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The Time is Now to Enforce CCPA: Are You Ready?


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As of 2006, California maintains an estimated population of 12%. Your consumer database is also likely to include information about the California citizens/consumers. If that's the case, you have to protect the details about that person.
The California Consumer Privacy Act (CCPA) applies to any for-profit organization doing business in California that collects, shares, or sells California consumers' data. The entity is covered if it has annual gross revenues above $25 mil or possesses the personal information of 50,000 or more individuals, households, or devices as well as if it earns more than half of its annual revenue from selling consumers' personal information.
To learn more about CCPA compliance issues, I contacted from Samir Patel, director of universal collaboration and communications at Netrix.
Here an edited version of our discussion.
G: Is CCPA focused on the contact center, or are there other enterprise systems affected?
S: Yes, unified communications and collaboration (UCC) and other technologies that collect citizen data. In becoming compliant with regulations like General Data Protection Regulation (GDPR) and California Consumer Privacy Act (CCPA), companies can go public with a proactive message that security and compliance are important to them. So is earning their customers’ trust as a result. CCPA covers both enterprise-based and cloud-based operations.
G: How will CCPA be enforced?
S: CCPA has already taken effect on Jan 1, 2020, with a six-month enforcement delay, which may extend to Jan 2021. Much has been written about the CCPA’s set of rights regarding consumer personal information and steps businesses must take to respond to consumer requests. Less attention has been paid to another portion of the bill which allows consumers to sue businesses directly for mishandling their personal information.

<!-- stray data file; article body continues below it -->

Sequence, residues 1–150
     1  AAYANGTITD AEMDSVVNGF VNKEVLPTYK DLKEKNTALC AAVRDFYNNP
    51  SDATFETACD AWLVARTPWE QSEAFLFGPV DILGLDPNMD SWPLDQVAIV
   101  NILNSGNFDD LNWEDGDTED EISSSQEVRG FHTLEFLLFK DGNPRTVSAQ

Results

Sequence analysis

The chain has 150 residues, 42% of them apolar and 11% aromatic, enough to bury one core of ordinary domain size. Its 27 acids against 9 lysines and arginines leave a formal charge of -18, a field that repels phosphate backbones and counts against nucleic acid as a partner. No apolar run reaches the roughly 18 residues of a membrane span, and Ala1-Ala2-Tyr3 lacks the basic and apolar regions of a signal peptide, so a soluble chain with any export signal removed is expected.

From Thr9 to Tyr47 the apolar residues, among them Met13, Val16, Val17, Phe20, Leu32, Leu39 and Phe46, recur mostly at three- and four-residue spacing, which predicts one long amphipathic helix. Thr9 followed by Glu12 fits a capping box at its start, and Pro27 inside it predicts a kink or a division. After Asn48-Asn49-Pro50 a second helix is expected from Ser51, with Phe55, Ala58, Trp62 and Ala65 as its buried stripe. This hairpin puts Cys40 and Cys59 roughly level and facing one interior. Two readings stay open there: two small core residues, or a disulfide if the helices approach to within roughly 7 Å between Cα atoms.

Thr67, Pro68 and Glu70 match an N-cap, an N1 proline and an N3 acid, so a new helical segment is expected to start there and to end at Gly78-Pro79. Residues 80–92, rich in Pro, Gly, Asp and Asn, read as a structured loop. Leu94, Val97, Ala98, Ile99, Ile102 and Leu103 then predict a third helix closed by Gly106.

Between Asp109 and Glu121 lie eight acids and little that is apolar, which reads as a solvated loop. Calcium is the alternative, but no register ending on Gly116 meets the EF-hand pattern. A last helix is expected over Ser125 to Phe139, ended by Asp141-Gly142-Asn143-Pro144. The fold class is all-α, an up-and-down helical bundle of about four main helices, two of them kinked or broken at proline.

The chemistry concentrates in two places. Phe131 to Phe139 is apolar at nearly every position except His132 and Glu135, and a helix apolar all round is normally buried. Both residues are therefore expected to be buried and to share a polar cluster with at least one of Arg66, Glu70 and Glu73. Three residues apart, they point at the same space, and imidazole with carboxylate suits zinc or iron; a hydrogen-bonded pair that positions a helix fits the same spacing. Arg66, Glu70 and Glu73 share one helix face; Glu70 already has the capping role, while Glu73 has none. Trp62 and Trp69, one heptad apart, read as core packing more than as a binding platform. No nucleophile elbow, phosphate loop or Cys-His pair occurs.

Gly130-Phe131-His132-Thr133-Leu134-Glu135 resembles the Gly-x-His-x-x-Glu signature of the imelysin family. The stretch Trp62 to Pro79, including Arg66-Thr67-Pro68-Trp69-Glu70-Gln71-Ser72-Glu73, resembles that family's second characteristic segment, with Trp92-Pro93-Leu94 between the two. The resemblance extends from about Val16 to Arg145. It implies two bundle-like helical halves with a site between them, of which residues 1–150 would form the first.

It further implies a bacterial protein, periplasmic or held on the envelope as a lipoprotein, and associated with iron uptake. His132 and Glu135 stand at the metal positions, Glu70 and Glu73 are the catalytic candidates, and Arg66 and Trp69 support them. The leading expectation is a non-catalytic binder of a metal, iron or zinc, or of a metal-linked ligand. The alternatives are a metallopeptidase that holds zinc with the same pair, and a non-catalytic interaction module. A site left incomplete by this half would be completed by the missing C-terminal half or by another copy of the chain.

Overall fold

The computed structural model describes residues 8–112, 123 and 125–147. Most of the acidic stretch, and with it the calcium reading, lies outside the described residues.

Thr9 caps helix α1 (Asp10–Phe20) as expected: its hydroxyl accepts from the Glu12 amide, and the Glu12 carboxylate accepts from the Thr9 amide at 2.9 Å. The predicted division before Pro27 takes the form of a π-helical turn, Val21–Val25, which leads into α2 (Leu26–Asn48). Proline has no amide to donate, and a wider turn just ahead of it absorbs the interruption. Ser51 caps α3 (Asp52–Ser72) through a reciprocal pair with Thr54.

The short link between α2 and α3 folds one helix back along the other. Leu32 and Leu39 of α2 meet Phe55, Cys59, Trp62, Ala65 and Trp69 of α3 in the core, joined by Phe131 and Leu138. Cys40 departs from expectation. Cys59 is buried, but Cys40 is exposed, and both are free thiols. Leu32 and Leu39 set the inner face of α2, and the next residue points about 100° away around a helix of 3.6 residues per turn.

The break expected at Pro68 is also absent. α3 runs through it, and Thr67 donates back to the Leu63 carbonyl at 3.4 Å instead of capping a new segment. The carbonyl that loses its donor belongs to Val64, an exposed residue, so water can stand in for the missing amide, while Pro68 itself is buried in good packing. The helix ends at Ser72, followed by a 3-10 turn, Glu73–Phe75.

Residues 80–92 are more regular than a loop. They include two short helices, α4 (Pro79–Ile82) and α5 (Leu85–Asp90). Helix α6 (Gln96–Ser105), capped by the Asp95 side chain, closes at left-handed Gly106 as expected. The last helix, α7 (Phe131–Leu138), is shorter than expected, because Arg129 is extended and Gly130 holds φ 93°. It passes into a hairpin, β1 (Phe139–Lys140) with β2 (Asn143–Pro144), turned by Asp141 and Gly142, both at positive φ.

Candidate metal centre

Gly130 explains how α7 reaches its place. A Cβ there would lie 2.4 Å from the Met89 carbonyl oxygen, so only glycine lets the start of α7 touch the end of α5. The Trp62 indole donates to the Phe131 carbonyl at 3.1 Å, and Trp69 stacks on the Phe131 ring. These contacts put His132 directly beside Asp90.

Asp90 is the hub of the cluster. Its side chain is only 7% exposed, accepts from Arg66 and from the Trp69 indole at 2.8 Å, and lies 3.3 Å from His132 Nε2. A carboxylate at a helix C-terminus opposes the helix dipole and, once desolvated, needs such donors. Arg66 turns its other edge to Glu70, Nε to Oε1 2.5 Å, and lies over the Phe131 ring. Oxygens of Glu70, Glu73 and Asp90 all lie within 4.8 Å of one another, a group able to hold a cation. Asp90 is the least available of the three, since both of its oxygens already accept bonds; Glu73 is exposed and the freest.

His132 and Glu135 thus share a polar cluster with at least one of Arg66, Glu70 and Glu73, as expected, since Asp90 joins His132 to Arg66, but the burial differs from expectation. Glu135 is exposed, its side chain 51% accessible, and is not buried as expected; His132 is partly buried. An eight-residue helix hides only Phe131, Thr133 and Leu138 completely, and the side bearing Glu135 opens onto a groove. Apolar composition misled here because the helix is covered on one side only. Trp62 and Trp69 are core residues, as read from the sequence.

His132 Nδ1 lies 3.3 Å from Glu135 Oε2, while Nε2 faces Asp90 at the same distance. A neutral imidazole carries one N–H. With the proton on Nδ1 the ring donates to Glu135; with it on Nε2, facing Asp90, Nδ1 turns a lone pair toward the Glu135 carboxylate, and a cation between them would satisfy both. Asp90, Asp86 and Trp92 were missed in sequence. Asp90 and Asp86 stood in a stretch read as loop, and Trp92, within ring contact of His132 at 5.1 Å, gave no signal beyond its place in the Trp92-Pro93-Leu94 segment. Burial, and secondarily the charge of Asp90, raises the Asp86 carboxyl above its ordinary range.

G: Companies that don't comply with CCPA can now expect stiff penalties from the government. What are some best practices companies should follow when attempting to mitigate risks?
S: Between GDPR, CCPA, and the other data privacy laws going into effect, there are a few data privacy best practices that organizations can follow. When it comes to preparing for CCPA, the following are recommended considerations.
  • Create an internal privacy framework
  • Do more with less data
  • Automate compliance efforts
  • Create policy and enforce for internal and external privacy posture


G: Businesses that continue to invest in UCC tools risk potential privacy pitfalls that can be detrimental to both operations and customer loyalty if mismanaged. Why must companies be mindful of how their vendors and partners use customer data?